A unique, poetic critical appreciation of Marcel Marceau (1923-2007).
The first few pages of radio producer and artist Wen’s short book look like blank verse, with succinct lines and plenty of white space. As the narrative unfolds into a meditation on the famous French mime, the poetry never leaves, even as Marceau’s inner voice advises, “leave speech behind. The body has its own language: weight, resistance, hesitation, surprise.” Surprises abound within these chapters, many no longer than a paragraph and few extending more than a couple of pages. The first surprise is the author’s ability to convey, in carefully chosen words, the essence and significance of this wordless art, especially when the reader learns that she is a radio producer, perhaps drawn to her subject because radio is the least promising medium for mime. Then there’s the American attitude toward mime in general, a disdain that makes such a fascinating book on one all the more of a wonder. “A journalist asked Marcel Marceau why most Americans hated mime,” writes Wen. “Marceau responded, ‘Because most mimes are lousy.’ ” The author meticulously details what distinguished the artist, the self-proclaimed “Picasso of mime,” in a series of scenes that show the magic of his performances and in annotated catalogs of the collections of artifacts that made the environment he constructed what his daughter called a “world apart” and a “virtual museum.” Wen also tiptoes into his personal life. His first wife “said he would not speak to her for days on end. She called it mental cruelty. He called it rehearsal.” She also traces the arc of his decline, his old age and death, and the apostle he left behind: “They learned to reproduce his gestures faithfully. And when they succeeded in mirroring the master, they began to unravel the art.”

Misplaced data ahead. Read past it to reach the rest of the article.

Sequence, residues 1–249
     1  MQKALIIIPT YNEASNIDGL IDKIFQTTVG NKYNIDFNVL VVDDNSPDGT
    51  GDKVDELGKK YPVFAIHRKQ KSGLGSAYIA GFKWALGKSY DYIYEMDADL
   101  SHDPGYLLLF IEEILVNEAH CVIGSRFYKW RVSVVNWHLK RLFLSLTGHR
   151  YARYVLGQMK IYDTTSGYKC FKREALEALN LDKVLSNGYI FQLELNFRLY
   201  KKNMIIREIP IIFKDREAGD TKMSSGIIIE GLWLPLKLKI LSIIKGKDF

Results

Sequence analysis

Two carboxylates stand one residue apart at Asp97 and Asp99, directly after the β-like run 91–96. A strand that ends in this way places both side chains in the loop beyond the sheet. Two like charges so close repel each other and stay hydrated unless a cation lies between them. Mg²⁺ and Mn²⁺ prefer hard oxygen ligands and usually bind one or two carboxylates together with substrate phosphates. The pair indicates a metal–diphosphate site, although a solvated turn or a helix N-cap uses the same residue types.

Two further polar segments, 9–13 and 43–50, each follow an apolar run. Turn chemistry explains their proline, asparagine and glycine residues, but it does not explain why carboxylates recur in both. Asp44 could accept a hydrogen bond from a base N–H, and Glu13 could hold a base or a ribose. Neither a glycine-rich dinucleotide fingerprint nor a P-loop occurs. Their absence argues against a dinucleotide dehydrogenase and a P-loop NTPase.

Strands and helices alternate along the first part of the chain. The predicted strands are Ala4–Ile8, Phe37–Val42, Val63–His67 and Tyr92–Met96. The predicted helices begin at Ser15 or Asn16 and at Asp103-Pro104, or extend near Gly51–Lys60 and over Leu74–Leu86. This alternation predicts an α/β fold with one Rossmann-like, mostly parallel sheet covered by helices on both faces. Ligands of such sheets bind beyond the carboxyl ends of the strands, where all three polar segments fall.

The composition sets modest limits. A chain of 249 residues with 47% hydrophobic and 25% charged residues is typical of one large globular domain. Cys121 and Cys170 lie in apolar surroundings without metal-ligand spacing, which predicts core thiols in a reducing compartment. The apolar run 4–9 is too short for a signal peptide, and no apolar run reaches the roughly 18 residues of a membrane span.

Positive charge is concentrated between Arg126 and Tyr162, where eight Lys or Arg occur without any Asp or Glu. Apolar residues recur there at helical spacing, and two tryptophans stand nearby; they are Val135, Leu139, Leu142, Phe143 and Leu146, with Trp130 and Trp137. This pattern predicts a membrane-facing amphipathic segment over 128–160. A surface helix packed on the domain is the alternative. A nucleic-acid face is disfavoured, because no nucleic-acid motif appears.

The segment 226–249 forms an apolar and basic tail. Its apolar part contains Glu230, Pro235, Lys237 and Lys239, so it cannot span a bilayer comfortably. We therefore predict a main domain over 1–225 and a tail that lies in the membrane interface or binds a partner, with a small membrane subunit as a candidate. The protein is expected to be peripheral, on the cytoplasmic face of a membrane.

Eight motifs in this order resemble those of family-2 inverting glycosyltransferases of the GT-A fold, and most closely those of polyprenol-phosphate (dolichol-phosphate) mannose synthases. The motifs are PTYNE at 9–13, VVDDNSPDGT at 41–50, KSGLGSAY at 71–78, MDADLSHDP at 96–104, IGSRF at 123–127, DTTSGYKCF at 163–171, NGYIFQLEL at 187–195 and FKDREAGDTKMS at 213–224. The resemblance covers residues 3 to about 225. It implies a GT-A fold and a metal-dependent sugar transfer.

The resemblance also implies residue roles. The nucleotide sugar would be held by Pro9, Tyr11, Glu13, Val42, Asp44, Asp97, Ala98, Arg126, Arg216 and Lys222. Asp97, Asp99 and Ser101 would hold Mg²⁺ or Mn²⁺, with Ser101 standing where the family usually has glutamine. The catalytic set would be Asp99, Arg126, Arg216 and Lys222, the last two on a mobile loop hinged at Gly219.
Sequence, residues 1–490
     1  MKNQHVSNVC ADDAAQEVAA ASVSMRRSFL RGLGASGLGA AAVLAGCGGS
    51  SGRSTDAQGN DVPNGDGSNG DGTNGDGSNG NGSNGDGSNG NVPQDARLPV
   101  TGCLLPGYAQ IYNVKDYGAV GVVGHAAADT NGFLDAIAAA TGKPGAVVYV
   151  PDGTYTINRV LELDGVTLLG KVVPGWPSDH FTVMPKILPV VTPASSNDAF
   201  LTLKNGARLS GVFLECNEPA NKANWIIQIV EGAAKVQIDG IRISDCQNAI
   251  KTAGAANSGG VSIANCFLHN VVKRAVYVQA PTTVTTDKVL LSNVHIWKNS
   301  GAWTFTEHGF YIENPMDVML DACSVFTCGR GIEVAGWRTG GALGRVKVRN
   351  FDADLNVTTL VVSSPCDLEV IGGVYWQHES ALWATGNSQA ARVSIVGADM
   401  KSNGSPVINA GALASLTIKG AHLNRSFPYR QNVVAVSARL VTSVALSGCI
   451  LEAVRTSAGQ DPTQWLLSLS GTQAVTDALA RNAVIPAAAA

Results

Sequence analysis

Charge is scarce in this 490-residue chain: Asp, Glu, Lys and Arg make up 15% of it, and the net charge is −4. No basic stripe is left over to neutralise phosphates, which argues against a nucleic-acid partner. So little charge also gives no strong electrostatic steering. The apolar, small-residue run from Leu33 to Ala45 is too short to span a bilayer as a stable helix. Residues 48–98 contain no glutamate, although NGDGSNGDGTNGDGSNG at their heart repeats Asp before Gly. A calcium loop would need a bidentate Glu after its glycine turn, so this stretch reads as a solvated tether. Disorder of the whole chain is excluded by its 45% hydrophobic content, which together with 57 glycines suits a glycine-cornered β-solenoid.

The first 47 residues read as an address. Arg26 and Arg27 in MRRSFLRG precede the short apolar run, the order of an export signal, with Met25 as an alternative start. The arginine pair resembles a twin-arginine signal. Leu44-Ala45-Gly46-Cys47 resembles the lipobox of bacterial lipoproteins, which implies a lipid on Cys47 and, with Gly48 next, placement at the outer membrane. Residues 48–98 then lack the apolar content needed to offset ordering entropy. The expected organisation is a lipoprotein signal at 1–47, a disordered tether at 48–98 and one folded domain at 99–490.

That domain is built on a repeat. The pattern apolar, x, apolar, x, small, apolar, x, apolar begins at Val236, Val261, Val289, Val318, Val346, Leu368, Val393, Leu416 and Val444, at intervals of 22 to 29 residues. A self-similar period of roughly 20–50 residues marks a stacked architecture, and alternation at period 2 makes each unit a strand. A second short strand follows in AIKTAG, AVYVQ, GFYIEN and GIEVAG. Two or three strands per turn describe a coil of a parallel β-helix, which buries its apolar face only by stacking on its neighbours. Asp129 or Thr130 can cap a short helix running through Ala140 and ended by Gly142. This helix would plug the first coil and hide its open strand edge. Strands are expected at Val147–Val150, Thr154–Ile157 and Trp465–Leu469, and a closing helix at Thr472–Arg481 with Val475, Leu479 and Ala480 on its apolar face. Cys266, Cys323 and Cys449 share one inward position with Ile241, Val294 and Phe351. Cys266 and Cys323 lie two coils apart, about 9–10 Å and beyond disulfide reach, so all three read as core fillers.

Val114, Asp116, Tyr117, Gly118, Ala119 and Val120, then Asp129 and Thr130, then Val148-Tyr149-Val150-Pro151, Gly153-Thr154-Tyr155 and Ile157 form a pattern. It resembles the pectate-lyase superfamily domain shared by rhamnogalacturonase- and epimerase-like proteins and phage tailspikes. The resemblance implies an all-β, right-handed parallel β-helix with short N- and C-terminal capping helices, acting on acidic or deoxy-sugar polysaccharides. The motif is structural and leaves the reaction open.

Readers will marvel not only at Marceau, but at the book itself, which displays such command of the material and such perfect pitch.